Small hive beetles (SHB) had arrived in Victoria. Actually they did arrive some time ago but they get more visible over time.
SHB seem to be the gift of Olympics 2000. First detected in 2001 around Newcastle, it since spread over NSW and Qld. It favours warm and moist climate so it was slow to move south, but now it is in Victoria. If you see inside or outside a hive a black beetle the size of a ladybird - this is it.
When SHB overwhelm a hive, they makes the bee colony abscond, looking for a better place. In USA it is called "September swarming", as it usually happens in the second part of the year. On 13 April I have received a call to remove a bee swarm. I could not believe it - bees DO NOT swarm in Melbourne in April, but the caller sounded knowledgeable and was insistent. I went there and here it was - a proper swarm on a roof, with scouts etc. SHB are the only explanation I can think of.
USA beekeepers from southern states claim that for them SHB are worse than varroa.
I have no direct experience with SHB, but I saw them already in a few hives. No losses as yet. Here is the summary of a search on available SHB info:
1. SHB can easily enter hives, bees cannot stop them even if they try. Indeed they do their best but to no avail.
2. Once beetles are in, bees have no natural way of removing them. They cannot kill them, they cannot kick them out. Conclusion - beetle numbers in hives tend to grow over time with no natural limiting factor in sight. This is really scary!!!
3. Bees chase the beetles, try to contain them in tight spots ("beetle jails") and keep them there. They can do it, but then the beetles have sneaky ways to make bees feed them. Keeping beetles in check keeps a number of bees away from useful work and may be a feasible strategy only up to a point.
4. Beetles themselves do not cause any damage but if a number of them lay eggs, the larvae quickly overwhelm the hive and turn it into a slimy stinking mess.
5. Hive inspections and manipulations cause general chaos and let beetles get out of jails. This often allows them to lay eggs and to bring down the hive. Another possible trigger for a catastrophe is if the number of beetles inside is simply too high for bees to control.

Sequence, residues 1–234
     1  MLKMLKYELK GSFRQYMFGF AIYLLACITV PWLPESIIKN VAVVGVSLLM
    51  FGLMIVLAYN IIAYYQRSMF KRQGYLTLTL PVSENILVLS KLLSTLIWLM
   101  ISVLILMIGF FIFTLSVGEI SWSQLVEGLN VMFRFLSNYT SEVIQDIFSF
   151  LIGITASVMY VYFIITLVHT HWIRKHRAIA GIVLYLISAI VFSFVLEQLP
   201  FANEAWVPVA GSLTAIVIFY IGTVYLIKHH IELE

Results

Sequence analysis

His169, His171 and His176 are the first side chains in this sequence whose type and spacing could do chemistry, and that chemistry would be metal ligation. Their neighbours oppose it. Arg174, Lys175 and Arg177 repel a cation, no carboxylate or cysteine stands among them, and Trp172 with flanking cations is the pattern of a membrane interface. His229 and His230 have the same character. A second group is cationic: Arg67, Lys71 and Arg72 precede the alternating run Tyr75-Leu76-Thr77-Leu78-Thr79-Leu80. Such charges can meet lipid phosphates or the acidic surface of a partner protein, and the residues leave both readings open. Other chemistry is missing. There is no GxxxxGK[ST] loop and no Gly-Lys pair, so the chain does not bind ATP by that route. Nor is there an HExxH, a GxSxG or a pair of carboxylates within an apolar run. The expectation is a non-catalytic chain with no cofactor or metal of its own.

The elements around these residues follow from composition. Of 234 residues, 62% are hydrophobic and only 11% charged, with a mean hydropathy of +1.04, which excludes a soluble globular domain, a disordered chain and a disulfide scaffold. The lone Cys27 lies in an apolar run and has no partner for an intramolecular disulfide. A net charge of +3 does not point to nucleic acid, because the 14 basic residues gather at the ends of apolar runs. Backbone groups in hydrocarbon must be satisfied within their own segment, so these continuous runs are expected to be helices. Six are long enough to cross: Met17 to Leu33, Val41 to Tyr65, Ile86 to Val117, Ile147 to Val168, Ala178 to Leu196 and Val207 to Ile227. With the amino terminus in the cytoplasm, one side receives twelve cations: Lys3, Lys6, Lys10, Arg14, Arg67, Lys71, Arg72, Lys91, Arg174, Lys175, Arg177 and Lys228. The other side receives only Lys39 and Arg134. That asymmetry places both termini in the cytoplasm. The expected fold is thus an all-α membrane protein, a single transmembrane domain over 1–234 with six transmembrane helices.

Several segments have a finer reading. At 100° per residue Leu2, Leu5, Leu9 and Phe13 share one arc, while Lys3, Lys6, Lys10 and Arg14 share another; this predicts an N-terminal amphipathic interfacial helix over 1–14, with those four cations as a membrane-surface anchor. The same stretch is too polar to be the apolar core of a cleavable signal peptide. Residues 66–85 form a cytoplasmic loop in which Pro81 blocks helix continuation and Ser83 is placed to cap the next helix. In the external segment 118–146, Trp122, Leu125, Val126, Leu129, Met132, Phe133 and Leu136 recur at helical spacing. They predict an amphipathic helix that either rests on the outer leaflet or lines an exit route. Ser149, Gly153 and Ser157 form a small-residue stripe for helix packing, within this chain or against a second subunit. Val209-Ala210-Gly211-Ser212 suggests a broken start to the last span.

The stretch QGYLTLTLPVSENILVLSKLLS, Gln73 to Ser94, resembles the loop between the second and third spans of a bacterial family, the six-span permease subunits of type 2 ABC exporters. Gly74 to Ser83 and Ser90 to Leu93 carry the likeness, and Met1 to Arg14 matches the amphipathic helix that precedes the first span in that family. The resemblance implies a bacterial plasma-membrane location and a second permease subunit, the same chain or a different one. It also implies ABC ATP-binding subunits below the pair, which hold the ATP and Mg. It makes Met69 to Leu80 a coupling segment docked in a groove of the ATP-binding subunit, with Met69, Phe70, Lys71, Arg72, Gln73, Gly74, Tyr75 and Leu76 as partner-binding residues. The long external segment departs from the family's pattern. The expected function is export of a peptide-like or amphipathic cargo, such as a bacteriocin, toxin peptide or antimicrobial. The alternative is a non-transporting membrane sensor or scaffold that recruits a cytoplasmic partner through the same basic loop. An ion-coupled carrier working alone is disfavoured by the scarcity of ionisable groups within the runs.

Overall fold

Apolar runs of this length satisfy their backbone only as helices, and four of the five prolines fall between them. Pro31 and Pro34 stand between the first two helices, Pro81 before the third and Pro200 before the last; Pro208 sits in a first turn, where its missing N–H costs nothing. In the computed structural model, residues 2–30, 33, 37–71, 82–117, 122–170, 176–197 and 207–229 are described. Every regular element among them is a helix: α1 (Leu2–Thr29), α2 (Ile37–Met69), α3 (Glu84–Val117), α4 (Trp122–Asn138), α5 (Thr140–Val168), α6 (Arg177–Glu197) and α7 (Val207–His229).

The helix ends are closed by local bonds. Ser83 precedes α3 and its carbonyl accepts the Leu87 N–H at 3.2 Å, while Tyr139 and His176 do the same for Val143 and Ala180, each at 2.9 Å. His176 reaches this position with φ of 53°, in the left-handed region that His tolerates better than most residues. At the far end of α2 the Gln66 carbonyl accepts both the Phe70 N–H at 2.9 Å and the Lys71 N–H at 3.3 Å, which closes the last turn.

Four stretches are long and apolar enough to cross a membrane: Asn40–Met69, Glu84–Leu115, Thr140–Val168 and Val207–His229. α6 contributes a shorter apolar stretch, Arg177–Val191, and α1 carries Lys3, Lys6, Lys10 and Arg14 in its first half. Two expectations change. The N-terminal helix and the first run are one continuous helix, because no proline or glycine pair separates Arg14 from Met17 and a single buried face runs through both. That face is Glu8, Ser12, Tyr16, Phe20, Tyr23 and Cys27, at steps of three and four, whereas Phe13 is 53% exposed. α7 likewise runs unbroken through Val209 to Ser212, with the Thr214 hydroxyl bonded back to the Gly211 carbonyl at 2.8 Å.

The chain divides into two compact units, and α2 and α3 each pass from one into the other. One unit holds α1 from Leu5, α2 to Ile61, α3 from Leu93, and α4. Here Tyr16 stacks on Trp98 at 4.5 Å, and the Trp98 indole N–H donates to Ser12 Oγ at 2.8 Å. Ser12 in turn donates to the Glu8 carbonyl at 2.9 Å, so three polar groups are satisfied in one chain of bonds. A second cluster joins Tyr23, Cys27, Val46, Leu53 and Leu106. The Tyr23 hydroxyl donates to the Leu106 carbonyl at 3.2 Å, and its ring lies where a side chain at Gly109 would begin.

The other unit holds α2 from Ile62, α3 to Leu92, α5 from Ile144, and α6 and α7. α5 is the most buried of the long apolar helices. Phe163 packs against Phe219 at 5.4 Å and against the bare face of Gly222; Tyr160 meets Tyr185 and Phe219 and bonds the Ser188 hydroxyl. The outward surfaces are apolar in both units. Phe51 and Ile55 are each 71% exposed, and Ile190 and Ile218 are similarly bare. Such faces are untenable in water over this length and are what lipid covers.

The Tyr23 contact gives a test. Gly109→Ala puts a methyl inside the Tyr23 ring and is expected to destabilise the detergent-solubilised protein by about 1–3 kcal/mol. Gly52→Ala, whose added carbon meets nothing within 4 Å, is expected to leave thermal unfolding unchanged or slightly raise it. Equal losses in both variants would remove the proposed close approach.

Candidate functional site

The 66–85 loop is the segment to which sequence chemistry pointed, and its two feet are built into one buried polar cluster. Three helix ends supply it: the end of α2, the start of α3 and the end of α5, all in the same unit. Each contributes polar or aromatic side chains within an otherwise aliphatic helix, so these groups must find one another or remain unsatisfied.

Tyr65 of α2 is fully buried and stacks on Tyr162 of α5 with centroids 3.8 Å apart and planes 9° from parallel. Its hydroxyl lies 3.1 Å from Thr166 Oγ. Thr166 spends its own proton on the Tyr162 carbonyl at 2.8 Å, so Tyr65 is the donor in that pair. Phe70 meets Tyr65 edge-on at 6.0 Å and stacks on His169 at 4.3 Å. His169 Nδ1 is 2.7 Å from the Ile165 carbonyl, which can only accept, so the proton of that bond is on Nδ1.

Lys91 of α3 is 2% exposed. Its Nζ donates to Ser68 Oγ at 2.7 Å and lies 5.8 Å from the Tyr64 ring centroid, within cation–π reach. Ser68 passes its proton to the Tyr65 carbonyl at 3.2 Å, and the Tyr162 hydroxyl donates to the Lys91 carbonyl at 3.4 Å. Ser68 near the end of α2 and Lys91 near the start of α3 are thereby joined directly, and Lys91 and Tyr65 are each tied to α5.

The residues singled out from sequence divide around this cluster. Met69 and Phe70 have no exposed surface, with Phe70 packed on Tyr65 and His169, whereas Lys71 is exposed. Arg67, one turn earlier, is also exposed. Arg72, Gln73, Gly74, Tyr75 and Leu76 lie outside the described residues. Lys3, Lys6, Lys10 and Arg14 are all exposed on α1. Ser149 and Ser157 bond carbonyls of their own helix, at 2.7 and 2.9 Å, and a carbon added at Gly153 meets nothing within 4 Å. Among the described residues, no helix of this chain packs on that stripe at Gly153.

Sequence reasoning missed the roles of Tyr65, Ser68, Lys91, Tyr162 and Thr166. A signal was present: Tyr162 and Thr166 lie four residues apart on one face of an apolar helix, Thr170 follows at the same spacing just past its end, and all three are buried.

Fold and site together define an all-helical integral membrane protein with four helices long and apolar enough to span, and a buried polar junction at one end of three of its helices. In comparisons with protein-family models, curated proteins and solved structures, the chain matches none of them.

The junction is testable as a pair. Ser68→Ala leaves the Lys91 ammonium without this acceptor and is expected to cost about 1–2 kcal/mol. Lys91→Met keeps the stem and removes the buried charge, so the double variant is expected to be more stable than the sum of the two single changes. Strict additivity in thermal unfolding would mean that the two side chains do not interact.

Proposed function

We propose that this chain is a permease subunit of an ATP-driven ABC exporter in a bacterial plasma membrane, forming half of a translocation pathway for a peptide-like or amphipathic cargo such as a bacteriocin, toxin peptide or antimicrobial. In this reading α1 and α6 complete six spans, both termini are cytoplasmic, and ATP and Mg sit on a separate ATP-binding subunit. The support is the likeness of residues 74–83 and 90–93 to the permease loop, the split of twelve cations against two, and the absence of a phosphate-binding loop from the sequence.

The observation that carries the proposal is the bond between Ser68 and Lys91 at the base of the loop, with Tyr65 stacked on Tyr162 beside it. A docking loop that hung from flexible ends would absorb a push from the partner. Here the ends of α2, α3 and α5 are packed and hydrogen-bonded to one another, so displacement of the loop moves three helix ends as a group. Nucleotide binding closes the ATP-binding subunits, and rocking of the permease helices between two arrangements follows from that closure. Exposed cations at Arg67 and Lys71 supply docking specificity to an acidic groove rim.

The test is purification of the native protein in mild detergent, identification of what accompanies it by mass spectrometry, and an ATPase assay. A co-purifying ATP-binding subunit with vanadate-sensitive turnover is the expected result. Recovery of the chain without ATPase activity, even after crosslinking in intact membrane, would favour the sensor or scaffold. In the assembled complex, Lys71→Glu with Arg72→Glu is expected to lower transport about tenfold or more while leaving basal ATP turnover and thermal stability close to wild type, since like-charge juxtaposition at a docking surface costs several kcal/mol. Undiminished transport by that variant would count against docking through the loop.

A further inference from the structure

SHB are claimed to be of little concern to beekeeping in Africa, where they came from. African bees are known to have the tendency to abscond at a drop of a hat - maybe this is their way to shake off beetles and limit SHB damage?
These are the known strategies to fight SHB or at least minimize damage:
- beetle trapping outside hives. Traps resemble wasp traps.
- denial of hive entry by hive design, with or without trapping, see www.beetlejail.com. Also alternative designs may be possible, taking advantage of differences in bee and beetle size and legs length.
- beetle trapping at the hive entrance. For current designs refer Mrs. Google.
- beetle trapping inside the hive. Numerous traps are on the market, again refer Mrs. Google. Traps require periodical emptying. Some traps allow emptying from outside, some require hive opening. Overall efficacy of traps is unknown at this time. Traps are unlikely to get all the beetles and the question is - to what degree the beetles not trapped are capable of bringing a hive down.
Possible additional strategies:
- hive designs that leave no room for beetles to hide. Langstroth hives seem to be a beetle paradise with numerous small tight spots.
- floor mesh with openings large enough for beetles to be pushed out. If it works, this may allow bees to remove beetles and bees indeed try to do it. However, it may work only if beetles cannot enter a hive from below. Beetles can land on a horizontal surface and most likely on a vertical one as well, but surely not upside down. It is unclear whether they could walk upside down on a reasonably smooth surface. Possibly metal or plastic may not offer enough for beetles to hold on to so a bottom mesh say #6 (3.5 mm opening) with metal/plastic collar may just do the job.
The above is just a summary of what I could gather so far. The April swarm really made me worry. Please comment if you can. If you have more information, please send a message. Let's tackle the problem jointly.